Here are some examples:

US Patent No. 7,654,321: http://www.google.com/patents/US7654321

US Patent Application Publication No. 2011/0000001: http://www.google.com/patents/US20110000001

US Design Patent No. D454,321: http://www.google.com/patents/USD454321

Link directly to PDF of a patent or patent application publication

You can link directly to a PDF any patent or patent application publication at “http://www.google.com/patents/USxxxxxxx.pdf” where “xxxxxxx” is the patent or publication number. Note that this is case-sensitive, so everything after /patents/ must be all-caps.

Here are some examples:

US Patent No. 7,654,321: http://www.google.com/patents/US7654321.pdf

US Patent Application Publication No. 2011/0000001: http://www.google.com/patents/US20110000001.pdf

US Design Patent No. D454,321: http://www.google.com/patents/USD454321.pdf

Include Similar Key Words, Exclude Others

You can instruct Google to include similar terms by adding a tilde (~) to the beginning of the search term. For example, compare the results you get for “phone” to the results you get for “~phone”:

Search for phone

Search for ~phone

The tilde operator actually works with any Google search, and can be useful to broaden your search results to include similar results that you may have otherwise missed. On the other hand, you can also narrow your search by instructing Google to exclude certain word by including a dash (-) before the term, e.g., “lamp -halogen” would exclude halogen lamps from your search results.

Digging Deeper into the Patent History – Downloading PAIR Data

Google can also provide a copy of the “file wrapper” for many patents and published applications. A file wrapper is a file created by the U.S. Patent and Trademark Office while a patent is pending, and generally includes many documents related to the patent application such as the original application and correspondence (e.g., rejections, amendments, etc.) between the Patent Office and the Applicant.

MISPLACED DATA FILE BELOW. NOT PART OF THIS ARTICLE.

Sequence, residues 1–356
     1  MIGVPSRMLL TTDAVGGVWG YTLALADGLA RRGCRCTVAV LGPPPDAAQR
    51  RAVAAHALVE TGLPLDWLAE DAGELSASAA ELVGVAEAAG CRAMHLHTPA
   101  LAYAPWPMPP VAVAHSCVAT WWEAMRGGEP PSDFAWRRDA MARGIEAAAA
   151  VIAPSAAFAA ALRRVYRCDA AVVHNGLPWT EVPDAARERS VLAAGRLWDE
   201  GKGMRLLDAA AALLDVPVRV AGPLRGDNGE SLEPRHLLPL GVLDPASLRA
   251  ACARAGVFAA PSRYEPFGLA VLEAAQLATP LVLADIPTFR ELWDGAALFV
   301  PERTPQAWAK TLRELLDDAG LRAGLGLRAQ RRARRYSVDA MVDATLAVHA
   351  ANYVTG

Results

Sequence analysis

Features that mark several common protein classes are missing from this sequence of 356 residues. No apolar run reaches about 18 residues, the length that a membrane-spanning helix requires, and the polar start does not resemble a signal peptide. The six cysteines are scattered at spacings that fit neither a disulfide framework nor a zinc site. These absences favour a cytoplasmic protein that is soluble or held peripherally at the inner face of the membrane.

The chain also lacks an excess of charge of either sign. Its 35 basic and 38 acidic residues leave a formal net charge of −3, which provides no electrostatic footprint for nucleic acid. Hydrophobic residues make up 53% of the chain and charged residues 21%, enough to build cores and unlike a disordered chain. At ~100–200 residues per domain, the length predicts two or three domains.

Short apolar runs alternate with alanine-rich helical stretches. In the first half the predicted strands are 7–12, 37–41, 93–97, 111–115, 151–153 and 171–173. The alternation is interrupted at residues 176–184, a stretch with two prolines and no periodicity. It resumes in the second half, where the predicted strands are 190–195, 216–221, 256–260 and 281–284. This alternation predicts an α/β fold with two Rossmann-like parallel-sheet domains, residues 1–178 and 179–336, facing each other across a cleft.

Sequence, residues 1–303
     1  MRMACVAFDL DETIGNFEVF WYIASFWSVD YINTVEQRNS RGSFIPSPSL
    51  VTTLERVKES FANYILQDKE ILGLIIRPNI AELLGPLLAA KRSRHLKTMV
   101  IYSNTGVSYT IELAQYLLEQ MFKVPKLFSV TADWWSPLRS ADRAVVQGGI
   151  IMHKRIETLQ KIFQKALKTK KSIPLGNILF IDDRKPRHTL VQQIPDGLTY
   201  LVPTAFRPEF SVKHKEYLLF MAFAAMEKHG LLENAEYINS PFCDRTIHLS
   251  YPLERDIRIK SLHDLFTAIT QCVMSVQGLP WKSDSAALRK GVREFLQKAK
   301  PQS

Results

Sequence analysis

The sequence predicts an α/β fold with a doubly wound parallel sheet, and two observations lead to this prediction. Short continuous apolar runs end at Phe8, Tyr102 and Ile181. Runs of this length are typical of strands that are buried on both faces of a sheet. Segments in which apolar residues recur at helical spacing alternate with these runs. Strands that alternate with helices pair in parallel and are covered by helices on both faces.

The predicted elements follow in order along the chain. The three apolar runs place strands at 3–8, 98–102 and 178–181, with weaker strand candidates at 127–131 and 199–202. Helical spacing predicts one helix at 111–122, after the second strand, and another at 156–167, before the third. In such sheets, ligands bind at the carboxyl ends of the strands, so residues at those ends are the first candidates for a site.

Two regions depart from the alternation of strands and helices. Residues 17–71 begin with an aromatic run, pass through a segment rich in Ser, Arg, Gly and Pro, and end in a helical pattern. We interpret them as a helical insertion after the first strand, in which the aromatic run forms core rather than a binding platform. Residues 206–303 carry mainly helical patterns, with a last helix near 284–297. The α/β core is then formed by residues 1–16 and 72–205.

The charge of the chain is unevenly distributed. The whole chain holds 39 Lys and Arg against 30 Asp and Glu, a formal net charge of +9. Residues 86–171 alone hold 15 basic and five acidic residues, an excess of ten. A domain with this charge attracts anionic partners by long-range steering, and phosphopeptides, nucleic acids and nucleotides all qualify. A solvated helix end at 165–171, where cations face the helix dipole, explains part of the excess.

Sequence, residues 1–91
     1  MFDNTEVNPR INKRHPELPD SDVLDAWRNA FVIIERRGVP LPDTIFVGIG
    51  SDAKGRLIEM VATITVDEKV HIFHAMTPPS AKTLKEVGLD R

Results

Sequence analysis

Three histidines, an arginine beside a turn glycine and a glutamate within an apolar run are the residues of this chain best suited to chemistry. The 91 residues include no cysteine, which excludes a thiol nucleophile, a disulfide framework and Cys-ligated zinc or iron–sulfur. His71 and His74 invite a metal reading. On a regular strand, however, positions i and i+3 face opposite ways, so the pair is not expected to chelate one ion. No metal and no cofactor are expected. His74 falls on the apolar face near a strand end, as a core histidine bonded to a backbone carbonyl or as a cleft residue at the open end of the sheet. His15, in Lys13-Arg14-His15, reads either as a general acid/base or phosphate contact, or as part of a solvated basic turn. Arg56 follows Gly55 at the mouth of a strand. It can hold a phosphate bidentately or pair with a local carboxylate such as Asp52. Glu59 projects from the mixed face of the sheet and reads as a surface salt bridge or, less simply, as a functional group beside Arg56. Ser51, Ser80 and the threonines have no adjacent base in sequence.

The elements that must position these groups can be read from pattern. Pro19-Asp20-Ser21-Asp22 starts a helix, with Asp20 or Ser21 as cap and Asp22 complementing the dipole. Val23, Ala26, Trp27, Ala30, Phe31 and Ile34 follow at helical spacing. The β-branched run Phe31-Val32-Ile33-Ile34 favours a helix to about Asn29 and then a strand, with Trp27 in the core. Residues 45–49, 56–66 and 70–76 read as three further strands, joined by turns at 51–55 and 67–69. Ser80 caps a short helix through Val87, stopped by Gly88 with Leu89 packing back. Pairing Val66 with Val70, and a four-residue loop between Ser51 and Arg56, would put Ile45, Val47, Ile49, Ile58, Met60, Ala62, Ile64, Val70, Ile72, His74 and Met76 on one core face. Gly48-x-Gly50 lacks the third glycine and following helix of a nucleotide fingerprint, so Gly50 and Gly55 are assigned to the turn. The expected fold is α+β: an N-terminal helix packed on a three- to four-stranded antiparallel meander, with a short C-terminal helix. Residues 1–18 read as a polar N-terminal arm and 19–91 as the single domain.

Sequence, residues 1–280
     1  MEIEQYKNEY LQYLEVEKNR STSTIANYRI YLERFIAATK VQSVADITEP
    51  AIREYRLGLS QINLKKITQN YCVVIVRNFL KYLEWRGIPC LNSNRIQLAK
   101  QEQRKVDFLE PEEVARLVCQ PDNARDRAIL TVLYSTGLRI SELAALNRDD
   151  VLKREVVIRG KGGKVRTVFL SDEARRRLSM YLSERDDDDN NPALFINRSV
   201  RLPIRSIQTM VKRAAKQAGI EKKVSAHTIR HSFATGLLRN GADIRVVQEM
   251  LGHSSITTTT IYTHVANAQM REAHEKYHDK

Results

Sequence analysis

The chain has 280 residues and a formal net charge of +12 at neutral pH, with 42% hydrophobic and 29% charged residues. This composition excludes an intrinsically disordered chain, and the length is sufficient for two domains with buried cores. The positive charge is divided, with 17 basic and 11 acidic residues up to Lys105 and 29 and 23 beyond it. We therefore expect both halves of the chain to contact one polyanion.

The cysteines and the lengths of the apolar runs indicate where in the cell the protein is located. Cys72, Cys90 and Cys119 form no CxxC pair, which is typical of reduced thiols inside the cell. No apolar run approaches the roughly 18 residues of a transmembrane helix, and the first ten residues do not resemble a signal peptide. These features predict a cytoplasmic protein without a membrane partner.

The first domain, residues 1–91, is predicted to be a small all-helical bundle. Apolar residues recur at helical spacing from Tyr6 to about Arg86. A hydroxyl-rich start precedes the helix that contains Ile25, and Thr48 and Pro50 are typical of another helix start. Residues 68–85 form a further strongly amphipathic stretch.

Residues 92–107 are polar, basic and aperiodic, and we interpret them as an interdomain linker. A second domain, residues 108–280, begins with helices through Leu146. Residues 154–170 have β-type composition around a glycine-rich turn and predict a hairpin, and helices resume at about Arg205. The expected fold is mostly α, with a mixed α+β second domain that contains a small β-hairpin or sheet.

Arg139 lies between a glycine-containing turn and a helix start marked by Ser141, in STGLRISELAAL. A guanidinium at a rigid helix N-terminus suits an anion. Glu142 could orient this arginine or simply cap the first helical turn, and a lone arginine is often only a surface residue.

The file wrapper provided by Google is actually part of a zip file you will get that also includes other data from public PAIR, such as application data, attorney/agent information, patent term adjustment, etc. For those unfamiliar, public PAIR is the public Patent Application Information Retrieval service provided by the U.S. Patent and Trademark Office.

You can access the PAIR/File Wrapper zip file by modifying the following link. Just replace “APP_NUM” with the 8-digit application number of a patent/patent publication (omitting the slash and comma).

http://commondatastorage.googleapis.com/uspto-pair/applications/APP_NUM.zip

For example, to retrieve the PAIR/File Wrapper for U.S. Patent No. 7,654,321, which issued from Application No. 11/616,583, use the following link:

http://commondatastorage.googleapis.com/uspto-pair/applications/11616583.zip

The zip file will contain a directory of .tsv files, which are tab-delimited text files that can be imported into a spreadsheet or opened with a text editor or word processor. There will also be a directory called image_file_wrapper, which contains electronic copies of the contents of the patent application’s file wrapper in pdf format.